CHE-240 Unit 1 Structure and Stereochemistry of Alkanes .ppt

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CHE-240 Unit 1 Structure and Stereochemistry of Alkanes .ppt Powered By Docstoc
					           CHE-240
            Unit 1
Structure and Stereochemistry
          of Alkanes

        CHAPTER ONE

           Terrence P. Sherlock
         Burlington County College
                    2004
        Bond Formation
• Ionic bonding: electrons are transferred.
• Covalent bonding: electron pair is shared.




                                      =>

                   Chapter 1               2
       Lewis Structures
• Bonding electrons
• Nonbonding electrons or lone pairs




    Satisfy the octet rule!                =>
                  Chapter 1            3
Multiple Bonding




                   =>
       Chapter 1    4
           Dipole Moment
• Amount of electrical charge x bond length.
• Charge separation shown by electrostatic
  potential map (EPM).
• Red indicates a partially negative region and
  blue indicates a partially positive region.



                                                =>
                     Chapter 1              5
 Electronegativity and
    Bond Polarity
Greater DEN means greater polarity




                                     =>
                 Chapter 1           6
Calculating Formal Charge
• For each atom in a valid Lewis
  structure:
• Count the number of valence electrons
• Subtract all its nonbonding electrons
• Subtract half of its bonding electrons



                                       =>
                  Chapter 1                7
    Ionic Structures




X
                       =>
           Chapter 1    8
         Resonance
• Only electrons can be moved (usually
  lone pairs or pi electrons).
• Nuclei positions and bond angles
  remain the same.
• The number of unpaired electrons
  remains the same.
• Resonance causes a delocalization of
  electrical charge.

                Chapter 1
                             Example=>   9
     Resonance Example



• The real structure is a resonance hybrid.
• All the bond lengths are the same.
• Each oxygen has a -1/3 electrical charge.

                                       =>
                  Chapter 1             10
 Major Resonance Form
• has as many octets as possible.
• has as many bonds as possible.
• has the negative charge on the most
  electronegative atom.
• has as little charge separation as
  possible.

                               Example=>
                  Chapter 1                11
Major Contributor?




  major                   minor,
                       carbon does
                      not have octet.

                                         =>
          Chapter 1                     12
     Chemical Formulas
• Full structural formula
  (no lone pairs shown)

• Line-angle formula

• Condensed structural
  formula                          • CH3COOH
• Molecular formula                • C 2H 4O 2
• Empirical formula                • CH2O
                                                 =>
                       Chapter 1                      13
Arrhenius Acids and Bases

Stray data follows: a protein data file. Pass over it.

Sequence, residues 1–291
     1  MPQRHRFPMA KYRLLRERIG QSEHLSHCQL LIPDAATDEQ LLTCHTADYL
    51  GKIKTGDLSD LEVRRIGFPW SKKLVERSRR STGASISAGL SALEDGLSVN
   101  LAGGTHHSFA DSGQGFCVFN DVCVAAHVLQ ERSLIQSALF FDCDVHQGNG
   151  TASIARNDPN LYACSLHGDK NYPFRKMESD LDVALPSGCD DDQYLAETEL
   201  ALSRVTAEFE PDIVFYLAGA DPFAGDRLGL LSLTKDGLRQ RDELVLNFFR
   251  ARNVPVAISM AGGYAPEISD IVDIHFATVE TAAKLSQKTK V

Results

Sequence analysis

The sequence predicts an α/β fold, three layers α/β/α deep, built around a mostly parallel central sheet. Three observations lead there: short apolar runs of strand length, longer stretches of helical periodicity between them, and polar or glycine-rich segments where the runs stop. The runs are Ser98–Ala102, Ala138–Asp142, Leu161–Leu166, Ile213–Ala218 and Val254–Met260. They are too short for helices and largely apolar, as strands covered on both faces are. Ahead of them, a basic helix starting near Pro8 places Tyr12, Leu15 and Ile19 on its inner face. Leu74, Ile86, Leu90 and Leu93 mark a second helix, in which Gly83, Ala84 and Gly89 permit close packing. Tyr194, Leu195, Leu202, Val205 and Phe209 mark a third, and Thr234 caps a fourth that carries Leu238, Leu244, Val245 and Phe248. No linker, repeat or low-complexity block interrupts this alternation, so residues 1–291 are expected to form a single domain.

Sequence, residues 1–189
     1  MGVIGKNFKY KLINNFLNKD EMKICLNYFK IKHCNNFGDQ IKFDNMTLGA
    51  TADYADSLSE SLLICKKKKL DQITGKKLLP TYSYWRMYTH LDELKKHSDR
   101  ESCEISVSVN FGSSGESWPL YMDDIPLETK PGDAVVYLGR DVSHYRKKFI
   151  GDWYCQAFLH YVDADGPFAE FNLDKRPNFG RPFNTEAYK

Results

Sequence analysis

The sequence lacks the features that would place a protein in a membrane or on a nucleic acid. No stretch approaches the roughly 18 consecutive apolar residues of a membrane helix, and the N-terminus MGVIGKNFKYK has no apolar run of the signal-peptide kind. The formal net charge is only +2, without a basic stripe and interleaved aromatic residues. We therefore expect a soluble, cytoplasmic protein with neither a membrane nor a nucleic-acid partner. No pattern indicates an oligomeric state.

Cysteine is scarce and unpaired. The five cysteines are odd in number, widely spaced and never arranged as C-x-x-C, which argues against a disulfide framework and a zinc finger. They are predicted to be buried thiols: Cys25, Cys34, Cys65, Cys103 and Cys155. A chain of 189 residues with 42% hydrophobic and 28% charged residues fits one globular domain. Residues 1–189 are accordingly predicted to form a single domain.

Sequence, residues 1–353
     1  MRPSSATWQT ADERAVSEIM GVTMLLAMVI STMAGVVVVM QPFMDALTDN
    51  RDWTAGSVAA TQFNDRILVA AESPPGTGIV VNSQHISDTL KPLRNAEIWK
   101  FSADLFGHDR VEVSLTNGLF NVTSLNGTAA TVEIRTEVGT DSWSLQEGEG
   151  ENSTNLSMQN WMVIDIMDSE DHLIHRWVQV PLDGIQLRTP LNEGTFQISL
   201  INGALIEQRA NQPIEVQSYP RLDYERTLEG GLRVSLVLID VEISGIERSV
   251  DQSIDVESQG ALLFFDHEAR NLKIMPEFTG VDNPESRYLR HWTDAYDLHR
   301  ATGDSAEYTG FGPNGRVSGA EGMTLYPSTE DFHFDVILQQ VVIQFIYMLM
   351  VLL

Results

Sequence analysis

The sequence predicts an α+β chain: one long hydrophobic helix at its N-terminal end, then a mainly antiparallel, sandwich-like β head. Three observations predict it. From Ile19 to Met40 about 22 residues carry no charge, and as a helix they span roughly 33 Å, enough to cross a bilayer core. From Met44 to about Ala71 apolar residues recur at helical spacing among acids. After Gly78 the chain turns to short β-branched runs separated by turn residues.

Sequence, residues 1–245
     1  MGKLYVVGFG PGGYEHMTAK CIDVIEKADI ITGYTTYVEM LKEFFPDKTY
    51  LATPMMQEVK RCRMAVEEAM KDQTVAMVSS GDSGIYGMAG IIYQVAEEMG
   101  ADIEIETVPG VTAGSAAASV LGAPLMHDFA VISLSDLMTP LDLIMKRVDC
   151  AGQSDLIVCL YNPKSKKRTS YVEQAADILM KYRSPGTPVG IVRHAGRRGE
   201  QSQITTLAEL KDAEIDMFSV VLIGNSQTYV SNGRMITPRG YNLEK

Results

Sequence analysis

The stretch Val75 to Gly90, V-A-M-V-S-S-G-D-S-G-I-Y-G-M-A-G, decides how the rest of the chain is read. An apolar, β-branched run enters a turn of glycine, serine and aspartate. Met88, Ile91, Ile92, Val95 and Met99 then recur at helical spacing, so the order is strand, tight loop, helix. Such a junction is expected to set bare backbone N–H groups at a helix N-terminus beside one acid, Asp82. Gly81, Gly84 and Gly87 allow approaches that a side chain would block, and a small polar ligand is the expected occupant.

•   Acids dissociate in water to give H3O+ ions.
•   Bases dissociate in water to give OH- ions.
•   Kw = [H3O+ ][OH- ] = 1.0 x 10-14 at 24°C
•   pH = -log [H3O+ ]
•   Strong acids and bases are 100%
    dissociated.



                                            =>
                       Chapter 1                   14
        BrØnsted-Lowry
        Acids and Bases
• Acids can donate a proton.
• Bases can accept a proton.
• Conjugate acid-base pairs.


 acid       base               conjugate   conjugate
                                 base        acid

                                                       =>
                   Chapter 1                       15
     Acid and Base Strength
•   Acid dissociation constant, Ka
•   Base dissociation constant, Kb
•   For conjugate pairs, (Ka)(Kb) = Kw
•   Spontaneous acid-base reactions
    proceed from stronger to weaker.


      pKa 4.74   pKb 3.36         pKb 9.26   pKa 10.64

                                                =>
                      Chapter 1                  16
Determining Relative Acidity

 • Electronegativity
 • Size
 • Resonance stabilization of conjugate
   base

                                          =>


                   Chapter 1               17
       Electronegativity
As the bond to H becomes more
 polarized, H becomes more positive
 and the bond is easier to break.




                                           =>
                 Chapter 1            18
                Size
• As size increases, the H is more loosely
  held and the bond is easier to break.
• A larger size also stabilizes the anion.




                                         =>
                   Chapter 1             19
             Resonance
• Delocalization of the negative charge on the
  conjugate base will stabilize the anion, so the
  substance is a stronger acid.
• More resonance structures usually mean
  greater stabilization.




                                              =>
                      Chapter 1                 20
   Lewis Acids and Bases
• Acids accept electron pairs = electrophile
• Bases donate electron pairs = nucleophile

nucleophile   electrophile




                                              =>
                     Chapter 1           21
              POWER POINT IMAGES FROM
           “ORGANIC CHEMISTRY, 5TH EDITION”
                      L.G. WADE
    ALL MATERIALS USED WITH PERMISSION OF AUTHOR

PRESENTATION ADAPTED FOR BURLINGTON COUNTY COLLEGE
             ORGANIC CHEMISTRY COURSE
                        BY:
 ANNALICIA POEHLER STEFANIE LAYMAN    CALY MARTIN




                       Chapter 1                     22

				
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